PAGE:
Floyd and Judy Englehardt, of Le Sueur, Minnesota, are Michigan 4-H alumni from Saginaw and Menominee counties, respectively. They had donated previously to Michigan 4-H, but they wanted to truly make a difference while also making a tax-free donation.
To achieve both goals, the Englehardts decided to make an IRA charitable rollover gift, also referred to as a qualified charitable distribution (QCD).
The Englehardts chose to designate their gift to support general 4-H scholarships for 4-H’ers pursuing post-secondary education. However, IRA charitable gifts can be designated to a donor’s 4-H county or a 4-H program area of choice.
“We were both active in 4-H and both offered 4-H scholarships to attend Michigan State University (MSU),” Judy Englehardt recalled. “4-H is a good activity to learn new things and meet other people working towards similar goals.”
Floyd and Judy met during their college years at MSU. Judy worked at the State 4-H Office and helped set up for 4-H events on campus. It was during one of these on-campus 4-H events that Judy and Floyd met and later married and had four boys. Floyd earned a bachelor’s degree in agricultural mechanization from MSU in 1963 and became an engineer at Green Giant after serving three years in the navy. Judy earned a bachelor’s degree in elementary education from MSU in 1964 and became a teacher.
How to make a tax-free IRA charitable distribution
Qualifying donors aged 70½ or older may donate to charity each year by transferring up to $100,000 directly from an IRA.
- Instruct your IRA custodian to distribute a gift amount (up to $100,000) directly to the Michigan 4-H Foundation by Dec. 31.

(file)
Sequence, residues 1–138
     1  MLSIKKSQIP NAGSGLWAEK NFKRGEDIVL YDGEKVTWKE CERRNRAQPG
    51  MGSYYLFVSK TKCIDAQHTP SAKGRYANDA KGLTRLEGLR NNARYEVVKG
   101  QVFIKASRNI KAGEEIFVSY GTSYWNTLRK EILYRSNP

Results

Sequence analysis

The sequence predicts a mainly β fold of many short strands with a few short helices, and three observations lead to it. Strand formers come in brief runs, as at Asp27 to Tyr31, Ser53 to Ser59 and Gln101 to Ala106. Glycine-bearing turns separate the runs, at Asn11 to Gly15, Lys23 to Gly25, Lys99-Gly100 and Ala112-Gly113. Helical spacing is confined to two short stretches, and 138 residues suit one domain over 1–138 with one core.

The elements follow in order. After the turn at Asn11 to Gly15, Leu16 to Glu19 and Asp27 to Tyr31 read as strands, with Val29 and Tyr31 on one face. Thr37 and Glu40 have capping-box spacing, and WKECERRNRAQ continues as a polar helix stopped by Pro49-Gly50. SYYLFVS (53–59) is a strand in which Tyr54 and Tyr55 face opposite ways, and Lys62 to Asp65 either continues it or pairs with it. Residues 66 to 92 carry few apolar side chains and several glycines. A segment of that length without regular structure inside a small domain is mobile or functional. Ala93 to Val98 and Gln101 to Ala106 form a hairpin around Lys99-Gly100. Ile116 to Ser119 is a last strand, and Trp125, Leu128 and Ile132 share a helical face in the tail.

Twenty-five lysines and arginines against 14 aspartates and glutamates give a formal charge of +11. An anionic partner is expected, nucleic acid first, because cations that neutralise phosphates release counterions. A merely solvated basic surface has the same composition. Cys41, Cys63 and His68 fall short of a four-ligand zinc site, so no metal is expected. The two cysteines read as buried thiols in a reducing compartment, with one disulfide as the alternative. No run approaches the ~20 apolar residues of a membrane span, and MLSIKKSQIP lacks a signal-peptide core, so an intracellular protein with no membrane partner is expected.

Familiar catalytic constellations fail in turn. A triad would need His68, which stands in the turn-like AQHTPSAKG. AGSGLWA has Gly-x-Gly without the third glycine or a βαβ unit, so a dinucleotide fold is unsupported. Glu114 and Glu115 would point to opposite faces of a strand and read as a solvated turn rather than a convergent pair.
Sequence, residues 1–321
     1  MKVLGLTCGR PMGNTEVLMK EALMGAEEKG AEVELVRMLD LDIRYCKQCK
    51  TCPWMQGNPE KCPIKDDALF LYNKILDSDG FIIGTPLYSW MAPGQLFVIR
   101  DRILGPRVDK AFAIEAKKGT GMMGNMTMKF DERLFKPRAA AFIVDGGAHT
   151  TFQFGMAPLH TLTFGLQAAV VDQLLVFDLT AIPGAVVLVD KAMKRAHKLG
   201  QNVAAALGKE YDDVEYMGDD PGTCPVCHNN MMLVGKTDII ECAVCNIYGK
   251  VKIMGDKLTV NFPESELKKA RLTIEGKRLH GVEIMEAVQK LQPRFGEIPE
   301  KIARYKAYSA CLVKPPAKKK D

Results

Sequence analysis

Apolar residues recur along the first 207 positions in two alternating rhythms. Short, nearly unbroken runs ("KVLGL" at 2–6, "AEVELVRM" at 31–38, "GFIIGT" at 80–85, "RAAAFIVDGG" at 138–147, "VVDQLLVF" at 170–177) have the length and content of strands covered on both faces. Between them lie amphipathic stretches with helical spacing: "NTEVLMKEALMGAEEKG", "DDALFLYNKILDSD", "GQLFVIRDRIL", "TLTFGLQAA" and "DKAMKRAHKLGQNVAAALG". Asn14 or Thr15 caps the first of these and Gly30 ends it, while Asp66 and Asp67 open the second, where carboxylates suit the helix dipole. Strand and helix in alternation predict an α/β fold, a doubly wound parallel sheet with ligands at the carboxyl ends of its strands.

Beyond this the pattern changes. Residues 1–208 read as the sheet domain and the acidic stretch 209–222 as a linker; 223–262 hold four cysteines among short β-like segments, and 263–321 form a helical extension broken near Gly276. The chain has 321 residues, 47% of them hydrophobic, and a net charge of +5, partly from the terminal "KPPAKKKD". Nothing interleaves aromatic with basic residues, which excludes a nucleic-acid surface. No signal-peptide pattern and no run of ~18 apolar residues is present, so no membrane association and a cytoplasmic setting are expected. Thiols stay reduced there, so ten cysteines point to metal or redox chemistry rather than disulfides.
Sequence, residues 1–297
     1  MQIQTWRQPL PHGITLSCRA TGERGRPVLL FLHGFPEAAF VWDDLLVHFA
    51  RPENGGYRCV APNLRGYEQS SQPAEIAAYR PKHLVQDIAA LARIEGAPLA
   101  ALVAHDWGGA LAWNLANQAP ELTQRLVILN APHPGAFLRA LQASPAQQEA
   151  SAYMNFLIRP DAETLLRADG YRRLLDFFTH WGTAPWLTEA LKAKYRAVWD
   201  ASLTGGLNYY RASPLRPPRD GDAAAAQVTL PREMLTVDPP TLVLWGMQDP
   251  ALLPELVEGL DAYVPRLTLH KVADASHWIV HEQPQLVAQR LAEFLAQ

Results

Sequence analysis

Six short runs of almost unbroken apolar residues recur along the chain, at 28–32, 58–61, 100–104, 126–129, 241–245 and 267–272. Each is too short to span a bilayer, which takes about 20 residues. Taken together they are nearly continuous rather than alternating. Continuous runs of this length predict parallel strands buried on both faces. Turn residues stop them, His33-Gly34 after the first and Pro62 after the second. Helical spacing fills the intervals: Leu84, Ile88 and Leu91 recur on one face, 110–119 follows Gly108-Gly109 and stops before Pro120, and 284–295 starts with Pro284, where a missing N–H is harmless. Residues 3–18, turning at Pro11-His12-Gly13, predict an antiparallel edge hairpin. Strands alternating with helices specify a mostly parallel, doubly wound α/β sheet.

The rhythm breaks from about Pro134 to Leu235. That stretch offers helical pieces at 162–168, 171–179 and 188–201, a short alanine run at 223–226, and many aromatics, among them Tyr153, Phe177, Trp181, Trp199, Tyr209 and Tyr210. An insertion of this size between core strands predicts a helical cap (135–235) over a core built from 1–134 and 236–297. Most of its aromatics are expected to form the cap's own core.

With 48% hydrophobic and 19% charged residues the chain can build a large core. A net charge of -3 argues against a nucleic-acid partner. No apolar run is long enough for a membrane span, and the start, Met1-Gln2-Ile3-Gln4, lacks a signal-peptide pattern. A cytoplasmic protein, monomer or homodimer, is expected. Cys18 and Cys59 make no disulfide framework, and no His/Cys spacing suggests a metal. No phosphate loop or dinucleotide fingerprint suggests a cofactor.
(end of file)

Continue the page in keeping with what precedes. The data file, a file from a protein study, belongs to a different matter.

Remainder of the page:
- The gift amount can count toward the required minimum distribution (RMD) for the tax year. If you have check-writing features on your IRA, checks must clear your account by Dec. 31 to count toward your RMD for the calendar year.
- The entire gift amount qualifies as a charitable distribution. The gift amount is not included in your personal income for federal taxes, lowering your taxable income.
- The distribution cannot be considered an income tax charitable deduction. The gift is considered a tax-free gift because the donor doesn’t pay taxes on the distribution if it’s made directly to a charity.
- Distributions can be made only from traditional individual retirement accounts or Roth IRAs. Typically, 403(b), 401(k), pension and other retirement plans are ineligible.
This opportunity ends Dec. 31, 2022, for 2022 tax credit.
For more information, contact Carrie Horstman by email at email@example.com.
In 2016, Suzanne Threadgould created an endowment in honor of her husband’s life and career with Michigan 4-H. Recently, she made an IRA charitable required minimum distribution gift to grow the fund, increasing the impact for generations to come.
Suzanne Threadgould established the Earl W. and Suzanne Threadgould Endowment for Ingham County 4-H with the Michigan 4-H Foundation in 2016 to honor her husband’s life and career with Michigan 4-H. Late last year, Suzanne expanded her gift, increasing the many ways the fund will benefit Ingham County 4-H’ers for years to come.
“My husband had been a 4-H youth agent at one time, and we were always involved with 4-H,” Suzanne Threadgould said. “4-H is so good for kids. I think it’s important for kids to get involved in 4-H.”
An endowment is a fund that is permanently restricted — the corpus of the fund is invested and held intact, and the earnings from the fund are used to support the 4-H program each year. Endowments provide a dependable and perpetual source of funding that, combined with other annual support, ensures that 4-H opportunities are always available for youth.
The Threadgould endowment provides annual support for Ingham County 4-H youth leadership and recognition. The fund may also be used to support out-of-county 4-H experiences for youth and to encourage and recognize 4-H youth engagement and leadership in Ingham County.